Decentralized Money Solves Greece’s Problems, Not Bitcoin

There has been a lot of talk in the last week about how if Greece had been using bitcoin, or if Grecians had kept their money in bitcoin, the recent crisis would have been avoided or largely mitigated. That should be true, but the way most people are using bitcoin today, it would NOT be true. If Greece was the first test of bitcoin, we utterly failed.

The reason is simple — how most of the world is currently using bitcoin is not as decentralized we think.

While the Bitcoin protocol is unregulated and can’t ever truly be touched by regulators or governments, the companies that continue to maintain control of their users’ funds carry just as much risk for their users as a bank or any other financial institution.

Let’s consider for a moment many of the largest wallet providers in the Bitcoin industry, the companies that are industry leaders and have the most users. If we look to companies like this to solve Greece’s problem, they WILL fall short. These companies would fail to help Greece because of the way they hold funds. Though technically not regulated like Grecian banks, because these centralized wallets actually hold users’ keys, they can be forced to comply with the government in emergency scenarios. At any time the government can intervene in their operations and seize or withhold funds like they are doing now with Grecian banks.

In Greece, all banks were compelled to comply with the government’s demands to restrict withdrawals because it declared a state of emergency. In that sense, centralized wallets are no better than a regular bank.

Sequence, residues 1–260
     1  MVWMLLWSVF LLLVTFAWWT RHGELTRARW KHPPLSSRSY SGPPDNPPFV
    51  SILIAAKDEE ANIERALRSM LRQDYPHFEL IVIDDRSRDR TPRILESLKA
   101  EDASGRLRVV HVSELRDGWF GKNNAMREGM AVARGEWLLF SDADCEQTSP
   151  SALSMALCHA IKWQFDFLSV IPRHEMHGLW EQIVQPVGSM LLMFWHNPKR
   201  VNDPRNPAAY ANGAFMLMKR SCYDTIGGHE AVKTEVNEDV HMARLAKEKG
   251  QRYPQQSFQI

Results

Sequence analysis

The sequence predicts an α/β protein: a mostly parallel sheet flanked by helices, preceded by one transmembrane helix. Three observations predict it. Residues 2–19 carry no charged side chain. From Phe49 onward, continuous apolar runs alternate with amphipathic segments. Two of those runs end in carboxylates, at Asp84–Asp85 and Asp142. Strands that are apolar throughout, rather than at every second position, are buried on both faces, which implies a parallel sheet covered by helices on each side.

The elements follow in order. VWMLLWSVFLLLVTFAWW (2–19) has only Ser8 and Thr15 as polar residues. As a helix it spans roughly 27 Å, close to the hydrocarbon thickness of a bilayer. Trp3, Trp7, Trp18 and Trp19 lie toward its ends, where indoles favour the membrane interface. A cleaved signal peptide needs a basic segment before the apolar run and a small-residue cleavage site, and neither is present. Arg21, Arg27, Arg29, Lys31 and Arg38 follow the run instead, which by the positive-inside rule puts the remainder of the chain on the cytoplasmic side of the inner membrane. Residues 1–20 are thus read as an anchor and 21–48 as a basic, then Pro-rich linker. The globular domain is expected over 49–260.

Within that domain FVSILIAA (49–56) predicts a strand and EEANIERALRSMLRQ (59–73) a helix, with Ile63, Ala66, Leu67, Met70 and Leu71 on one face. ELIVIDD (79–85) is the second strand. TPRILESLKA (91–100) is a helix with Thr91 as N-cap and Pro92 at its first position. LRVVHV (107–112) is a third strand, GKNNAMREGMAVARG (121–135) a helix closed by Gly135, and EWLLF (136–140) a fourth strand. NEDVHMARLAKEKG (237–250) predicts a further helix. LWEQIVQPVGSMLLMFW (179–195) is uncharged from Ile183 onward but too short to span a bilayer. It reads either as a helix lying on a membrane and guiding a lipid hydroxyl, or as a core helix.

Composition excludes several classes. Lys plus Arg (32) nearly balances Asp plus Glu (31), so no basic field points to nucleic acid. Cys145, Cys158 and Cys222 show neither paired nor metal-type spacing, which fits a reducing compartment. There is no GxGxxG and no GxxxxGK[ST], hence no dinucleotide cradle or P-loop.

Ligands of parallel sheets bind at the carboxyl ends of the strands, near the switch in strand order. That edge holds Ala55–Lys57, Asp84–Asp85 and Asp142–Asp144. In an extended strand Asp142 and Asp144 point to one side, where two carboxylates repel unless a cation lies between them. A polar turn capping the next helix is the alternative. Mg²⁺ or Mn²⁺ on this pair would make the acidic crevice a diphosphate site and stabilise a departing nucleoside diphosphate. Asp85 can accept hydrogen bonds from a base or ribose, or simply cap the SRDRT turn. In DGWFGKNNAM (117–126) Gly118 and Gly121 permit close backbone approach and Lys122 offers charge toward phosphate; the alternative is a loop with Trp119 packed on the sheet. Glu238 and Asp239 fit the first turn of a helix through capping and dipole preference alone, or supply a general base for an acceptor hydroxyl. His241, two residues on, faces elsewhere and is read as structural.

We believe that if Bitcoin is to be truly different and solve problems that the current financial system has created, we need to do things differently than the system we seek to change. We believe in a truly decentralized financial system, one that actually would enable people, and their wealth, to survived the crisis in Greece without a second thought.

This all comes down to one thing: control. If we want to be in control of our money at all times, through prosperity and crisis, then individuals need to have complete control of their funds without custodial influence.

When people use the Airbitz wallet, they give up none of their information and do not give up any control of their private keys. The result is that we do not withhold funds and cannot be coerced by the government to do so. If you have bitcoins with Airbitz in any country in the world and the banking system collapses, your money cannot be seized. You would not lose the ability to access it or use it.

This model is scary for companies that concern themselves entirely with profit using traditional methods. The old methods of monetizing customer information, leveraging customer funds, and directly marketing to them fall short when people take advantage of bitcoin and decentralized technology. New and creative methods of monetizing software as a service come into play and will determine the winners of this next evolution of finance and technology.

Much like centralized, pre-internet companies such as AOL, Compuserve, and Prodigy, many current *leaders* in the bitcoin space take a centralized, shortcut solution to bitcoin and mirror the custodial banking system. What eventually prevailed for communications was unbiased access to the global internet, not the walled garden of centralized services. I’m confident the same will hold true for bitcoin.

We will fail big tests in the near future if the industry as a whole does not learn the real lesson from Greece: centralized control of money is the problem. Until the bitcoin community realizes that we are recreating the same problem, bitcoin will likely be just another currency that the governments can control at will. The promise of Bitcoin is that for the first time in history, a user can hold, send, and receive their own digital money with no third party.

Bitcoin can change everything but we need to actually use it to its true potential for that to happen.

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